Phononic crystals are structures possessing periodic variations in density and/or elastic constants, which result in band gaps for sound and other mechanical waves. Sonic crystals can be used for sound and vibration isolation, ultrasonic crystals for acoustic imaging. Our interest is in hypersonic crystals with 100nm feature sizes for the enhancement of acousto-optical interactions: engineering of phonon –photon as well as electron-phonon interactions.
We fabricated hypersonic crystals with band gaps in GHz frequency range using interference lithography and measured their phonon dispersion relation with Brillouin light scattering (BLS). We reported the first experimentally measured band gap at hypersonic frequencies in a single crystalline hypersonic phononic crystal.
Fig. 2. (a) Single Crystal Hypersonic Reflector
(b) Theoretically Calculated Dispersion relation of the epoxy-air phononic crystals along (c) Experimental Phononic dispersion relation along the  direction showing a partial band gap between 1.21 and 1.57 GHz (in grey)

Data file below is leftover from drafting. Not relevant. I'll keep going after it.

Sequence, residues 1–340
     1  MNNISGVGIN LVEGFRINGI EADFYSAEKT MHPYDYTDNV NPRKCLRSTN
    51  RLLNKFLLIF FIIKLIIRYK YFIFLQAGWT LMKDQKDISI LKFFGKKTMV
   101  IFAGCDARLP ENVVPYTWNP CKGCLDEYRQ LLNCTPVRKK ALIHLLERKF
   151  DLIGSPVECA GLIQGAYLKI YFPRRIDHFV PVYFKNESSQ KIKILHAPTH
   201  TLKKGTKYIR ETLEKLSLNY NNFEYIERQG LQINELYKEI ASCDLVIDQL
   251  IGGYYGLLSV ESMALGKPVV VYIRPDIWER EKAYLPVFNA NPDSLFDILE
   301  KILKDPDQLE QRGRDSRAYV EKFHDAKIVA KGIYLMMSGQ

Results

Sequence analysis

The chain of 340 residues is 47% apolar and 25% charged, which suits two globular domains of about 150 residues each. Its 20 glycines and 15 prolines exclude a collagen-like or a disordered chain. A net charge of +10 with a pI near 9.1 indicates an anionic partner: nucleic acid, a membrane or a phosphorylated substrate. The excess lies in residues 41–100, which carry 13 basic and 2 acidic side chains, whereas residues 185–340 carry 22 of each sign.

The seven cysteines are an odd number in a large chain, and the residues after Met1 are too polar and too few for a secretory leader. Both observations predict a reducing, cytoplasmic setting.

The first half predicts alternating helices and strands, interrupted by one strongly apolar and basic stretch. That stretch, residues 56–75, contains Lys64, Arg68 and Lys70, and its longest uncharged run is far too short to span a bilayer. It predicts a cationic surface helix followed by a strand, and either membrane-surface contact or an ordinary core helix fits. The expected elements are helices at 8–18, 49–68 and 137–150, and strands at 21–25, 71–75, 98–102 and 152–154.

Fig. 1. A sound wave is incident on the surface of a two dimensional phononic crystal consisting of air cylinders on a triangular lattice in a solid film. As the sound wave has a frequency within the bandgap, propagation is not allowed and the wave is reflected backwards.
E. Thomas et al., Nature Materials, 5(10), 773, 2006
J.-H. Jang et al., Applied Physics Letters (submitted)
Hypersonic phononic crystals variations in density and/or elastic constants, which result in band gaps for sound and other mechanical waves. Edwin L. Thomas, Massachusetts Institute of Technology, DMR 0308133